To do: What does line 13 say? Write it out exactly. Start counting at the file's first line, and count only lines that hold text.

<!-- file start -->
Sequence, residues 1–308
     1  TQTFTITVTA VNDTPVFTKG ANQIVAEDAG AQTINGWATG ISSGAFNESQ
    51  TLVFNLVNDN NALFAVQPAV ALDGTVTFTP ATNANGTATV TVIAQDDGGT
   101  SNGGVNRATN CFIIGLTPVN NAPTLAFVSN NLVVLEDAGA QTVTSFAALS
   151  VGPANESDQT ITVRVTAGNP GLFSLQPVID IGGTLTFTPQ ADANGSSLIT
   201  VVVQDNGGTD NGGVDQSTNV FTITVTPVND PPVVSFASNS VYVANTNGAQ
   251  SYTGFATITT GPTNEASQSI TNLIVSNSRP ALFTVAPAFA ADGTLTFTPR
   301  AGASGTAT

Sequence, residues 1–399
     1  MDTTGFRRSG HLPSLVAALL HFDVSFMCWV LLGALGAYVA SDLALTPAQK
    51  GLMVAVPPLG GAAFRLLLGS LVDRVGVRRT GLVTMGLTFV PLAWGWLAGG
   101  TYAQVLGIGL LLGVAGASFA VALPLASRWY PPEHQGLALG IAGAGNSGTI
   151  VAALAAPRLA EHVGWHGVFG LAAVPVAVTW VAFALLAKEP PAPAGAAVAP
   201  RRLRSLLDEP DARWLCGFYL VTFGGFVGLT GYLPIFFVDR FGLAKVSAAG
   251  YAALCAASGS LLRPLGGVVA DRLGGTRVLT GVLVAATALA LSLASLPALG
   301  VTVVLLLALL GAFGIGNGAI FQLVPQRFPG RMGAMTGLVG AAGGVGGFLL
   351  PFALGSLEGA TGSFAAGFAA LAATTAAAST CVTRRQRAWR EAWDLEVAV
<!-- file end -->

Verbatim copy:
   151  VAALAAPRLA EHVGWHGVFG LAAVPVAVTW VAFALLAKEP PAPAGAAVAP